It’s all very well deciding to move a scene from one place to another, but then any subsequent and consequent action needs to be changed. Keeping track of this is killing me. I don’t know if it’s just detective novels which suffer particularly from this though I suspect it isn’t. The problem becomes worse with each new draft because it’s hard to remember what has been changed. It is possible, of course, to track changes using Word but constantly flicking back and forth through 80,000 words is a nightmare.

One of my readers asked me how we knew a particular fact which a character had just mentioned. I knew I’d written the background but discovered it now came in a later scene. My how we laughed.

Then this morning I decided I needed to move a couple of sentences into a scene where they fitted better, due to other changes, but when I looked for the sentences, which I also knew I’d written, they were no longer in the current draft at all. Thankfully I’ve kept virtually all the previous drafts so I can retrieve the missing stuff. This aids the process but not my state of mind.

I’m seeing lots of posts on NaNo about writing a 50,000 word novel in a month. Hats off to you guys – maybe I’ll try it next year.

Edit, and aids to editing

This morning, which brought the first frost, is to be spent like most mornings for what seems like the last year, revising. No, not revising for exams but revising the structure and content of a novel I thought I’d finished last Christmas. A jolly tale of three deaths in the Warwickshire countryside before the outbreak of the Second World War. I thought I’d got it right. Several re-readings, plus the sterling work of an excellent adviser in the form of a publisher who’s cautiously interested, have highlighted major inconsistencies and storylines that simply don’t work.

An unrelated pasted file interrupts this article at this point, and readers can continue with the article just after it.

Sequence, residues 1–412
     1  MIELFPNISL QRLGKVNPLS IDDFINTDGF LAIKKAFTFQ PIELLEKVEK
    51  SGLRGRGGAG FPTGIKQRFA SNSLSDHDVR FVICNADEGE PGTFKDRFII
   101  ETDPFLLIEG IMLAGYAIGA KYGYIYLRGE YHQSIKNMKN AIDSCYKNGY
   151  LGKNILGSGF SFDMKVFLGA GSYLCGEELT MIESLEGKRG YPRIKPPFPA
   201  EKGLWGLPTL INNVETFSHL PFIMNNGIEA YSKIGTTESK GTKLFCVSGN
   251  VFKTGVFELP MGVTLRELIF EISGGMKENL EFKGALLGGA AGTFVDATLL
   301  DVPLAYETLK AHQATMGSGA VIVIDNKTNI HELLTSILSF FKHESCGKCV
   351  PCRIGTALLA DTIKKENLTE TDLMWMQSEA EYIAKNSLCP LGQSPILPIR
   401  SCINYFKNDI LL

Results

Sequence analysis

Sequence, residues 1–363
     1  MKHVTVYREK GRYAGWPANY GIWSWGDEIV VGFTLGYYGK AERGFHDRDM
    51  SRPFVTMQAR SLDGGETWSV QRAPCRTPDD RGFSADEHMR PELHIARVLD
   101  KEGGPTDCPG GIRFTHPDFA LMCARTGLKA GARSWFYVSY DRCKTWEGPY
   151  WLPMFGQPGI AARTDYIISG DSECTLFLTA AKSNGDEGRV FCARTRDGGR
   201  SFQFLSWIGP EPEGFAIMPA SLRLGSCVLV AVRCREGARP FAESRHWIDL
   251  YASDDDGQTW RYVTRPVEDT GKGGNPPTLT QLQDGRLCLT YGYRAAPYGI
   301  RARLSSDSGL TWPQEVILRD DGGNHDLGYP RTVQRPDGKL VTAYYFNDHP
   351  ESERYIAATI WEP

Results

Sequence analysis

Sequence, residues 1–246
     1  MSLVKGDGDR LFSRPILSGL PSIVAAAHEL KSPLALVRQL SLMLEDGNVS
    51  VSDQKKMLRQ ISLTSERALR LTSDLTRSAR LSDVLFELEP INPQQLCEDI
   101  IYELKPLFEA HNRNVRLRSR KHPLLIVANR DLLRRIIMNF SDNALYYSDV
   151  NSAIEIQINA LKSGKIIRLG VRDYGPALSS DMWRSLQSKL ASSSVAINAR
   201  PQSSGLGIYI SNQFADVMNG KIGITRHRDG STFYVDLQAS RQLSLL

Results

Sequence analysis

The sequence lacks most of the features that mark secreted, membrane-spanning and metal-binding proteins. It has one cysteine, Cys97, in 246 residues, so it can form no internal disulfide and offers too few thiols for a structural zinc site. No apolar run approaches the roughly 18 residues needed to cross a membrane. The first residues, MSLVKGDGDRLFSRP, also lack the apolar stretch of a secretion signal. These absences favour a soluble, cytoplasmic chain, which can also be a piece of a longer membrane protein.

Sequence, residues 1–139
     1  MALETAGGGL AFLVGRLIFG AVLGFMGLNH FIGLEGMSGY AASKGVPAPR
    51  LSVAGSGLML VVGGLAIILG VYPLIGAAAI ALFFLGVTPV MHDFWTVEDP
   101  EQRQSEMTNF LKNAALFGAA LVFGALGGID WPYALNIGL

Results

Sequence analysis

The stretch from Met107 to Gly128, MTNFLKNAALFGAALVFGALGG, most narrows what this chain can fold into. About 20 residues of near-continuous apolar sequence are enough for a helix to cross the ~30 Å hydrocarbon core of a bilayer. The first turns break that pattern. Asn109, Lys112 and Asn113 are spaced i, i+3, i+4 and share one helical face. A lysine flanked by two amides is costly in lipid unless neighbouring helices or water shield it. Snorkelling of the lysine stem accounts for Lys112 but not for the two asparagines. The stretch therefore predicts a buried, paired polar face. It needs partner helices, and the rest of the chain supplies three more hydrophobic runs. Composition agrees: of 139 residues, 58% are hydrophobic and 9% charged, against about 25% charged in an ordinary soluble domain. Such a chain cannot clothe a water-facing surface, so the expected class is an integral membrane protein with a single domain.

There’s an excellent free program called Pro-Writing Aid which helped with all the repeat words and phrases, redundancies, date inconsistencies and so on, but that was only really proof reading. It didn’t find the really serious structural problems, where the plot stalled, petered out altogether or sprung newly formed somewhere in the middle of the novel. It didn’t find the repeat action, where a character tells the same story twice (don’t laugh, it happens), nor did it help when I described a character as not too bright then give her the vocabulary of an Oxford don.

So here I sit, or at least will be shortly, going through the script again, marking even more passages to be moved, removed or rewritten. Wish me luck.

Why mytime4writing?

Several years ago I attended a writing workshop and received the best piece of advice ever. We were told to write just 100 words a day. To sit down at whatever time suited us (mine’s usually about 6.30am) and to just begin writing. Some days it would be little more than a ‘to-do’ list, others it would be a short story but, as Mao is reported to have said, every journey starts with a single step.

I’ve now written dozens of short stories, a radio play and a crime novel, all waiting to be published, but the workshop advice has taken me there. This blog has been set up for times when I’m stuck, on days when I should be writing and don’t know what to put on the page. Perhaps someone will read it? With luck someone might even enjoy it. But most of all it’s for me.

UPDATE: The first crime story, A Shadowed Livery, was published in 2015, a second and third in the series are to be published in 2019.